Young writer editors Aira Chilcott and Rebecca Moore with Cheryl McGrath at One Day in Melbourne
The 2017 annual young writer conference is being held at the Alexander Park Conference Centre at Alexander Headland on Saturday 12 August only three weeks away with a 'splendid' program.
These annual conferences are a special part of the Press Service International young writer program in association with Christian Today – that is Christian Today Australia and Christian Today New Zealand.
The first such conference was in 2010 on the Gold Coast with the five sport writers followed in 2011 with 'comment' writers. In both cases David Chang the editor of Christian Today attended, and in Melbourne 2013 when next conference was held David Chang attended along with Natalie Chu.
Natalie Chu took over the editorship of Christian Today in 2014 and attended that Gold Coast conference and thus so to this year, on the Sunshine Coast.
Russell Modlin – MC for the conference
MC for the conference is Russell Modlin who will introduce the two key note speakers for this 2017 annual young writer's conference are
Mr Mark Furler
Mark is the former editor of the Sunshine Coast Daily newspaper and is now with AAP. A serious career journalist.
His topic - News Angles
Mr John Lemmon
John is in itinerant ministries travelling across Australia into regional and rural areas speaking the love of Jesus and is a serious Christian blogger. He addressed 'One Day in Melbourne' in June on Blogging in a Christian context.
His Topic - Blogging to your audience
The subject, 'news angles' is a vital area for the young writers, always looking for fresh ideas to ponder when setting out to write their next article.
I recall writing 'hockey' for the Illawarra Mercury 1971-76 and the then Chief of Staff Mr Peter Newell wrote in a referee that I had a flair for 'news angles'. I then went on to write 'hockey' as a stringer for The Australian for 24 years.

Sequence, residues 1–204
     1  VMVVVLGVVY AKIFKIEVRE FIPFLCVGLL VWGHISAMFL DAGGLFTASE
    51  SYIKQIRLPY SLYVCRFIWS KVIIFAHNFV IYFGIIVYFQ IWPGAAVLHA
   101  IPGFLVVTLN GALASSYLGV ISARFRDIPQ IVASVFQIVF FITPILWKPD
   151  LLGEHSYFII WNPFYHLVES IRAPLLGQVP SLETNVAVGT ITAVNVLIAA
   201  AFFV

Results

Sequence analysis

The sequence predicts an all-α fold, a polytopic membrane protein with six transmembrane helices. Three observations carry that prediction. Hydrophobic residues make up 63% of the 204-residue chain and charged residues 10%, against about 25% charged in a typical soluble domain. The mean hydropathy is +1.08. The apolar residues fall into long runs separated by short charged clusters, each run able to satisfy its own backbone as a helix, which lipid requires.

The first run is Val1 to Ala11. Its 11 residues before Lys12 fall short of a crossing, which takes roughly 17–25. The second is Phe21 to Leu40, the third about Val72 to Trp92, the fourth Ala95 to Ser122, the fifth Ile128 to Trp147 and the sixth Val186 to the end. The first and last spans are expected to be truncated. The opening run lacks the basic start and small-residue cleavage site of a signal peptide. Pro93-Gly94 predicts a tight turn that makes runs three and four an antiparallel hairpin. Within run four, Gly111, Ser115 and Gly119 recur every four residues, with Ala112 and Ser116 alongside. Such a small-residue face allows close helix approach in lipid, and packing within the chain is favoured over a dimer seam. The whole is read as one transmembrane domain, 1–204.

Yes, news angles are critical and can turn an eye!
85% of our young writers have some form of a blog and therefore blogging is a vital part of their quiver in their personal ministries.
Blogs can be formal set out documents in an internet setting with feature articles and can be read by both a registered list of 'blog recipients' or indeed the public. Newspapers, Online News, Journals, Magazines of all sorts uses blogs, some of these have regular contributors, others less so.
When I commenced my online blog many years now, it had two purposes. The first was to weekly inform (Sunday afternoon) our faith finance support network what was on our ministry plate the week that had gone or the week that was to come.
In this sense it provided a weekly information note. It has one photo and short note. Therefore it is easy to read, everyone likes a good photo which replaces a thousand words, and it can be viewed and done-with in a very short time. If the photo is of particular note, it will be remembered, and so will our ministries.
The second purpose of this 'one photo and short note' Sunday weekly blog is to alert our support network if there is a specific financial need for a ministry project and in this case, it provides an avenue to raise mission funding.
Most of our young people who have blogs do so for numerous reasons. Some are involved in missionary activities and it lets family, friends and supporters know of their mission duties. Some write practical ministry outcomes or theological articles in their blogs.
John Lemmon at One Day in Melbourne speak in with Brad Quillian and Rex Dale
John Lemmon spoke at One Day in Melbourne on 'Blogging in a Christian context' and a summary of this presentation may be read in Christian Today.
He is changing that presentation to a format to whit these young people are conversant with blogging and taking it to another level. He uses power point and other IT devices to communicate his message.
We look forward to the 2017 annual young writer conference with these plenaries, two very important subjects - News Angles - and - Blogging.
Young writers at One Day in Melbourne Bridget Brenton, Tim Price and Irenie How (NZ)
Dr Mark Tronson is a Baptist minister (retired) who served as the Australian cricket team chaplain for 17 years (2000 ret) and established Life After Cricket in 2001. He was recognised by the Olympic Ministry Medal in 2009 presented by Carl Lewis Olympian of the Century. He mentors young writers and has written 24 books, and enjoys writing. He is married to Delma, with four adult children and grand-children. Dr Tronson writes a daily article for Christian Today Australia (since 2008) and in November 2016 established Christian Today New Zealand.
Mark Tronson's archive of articles can be viewed at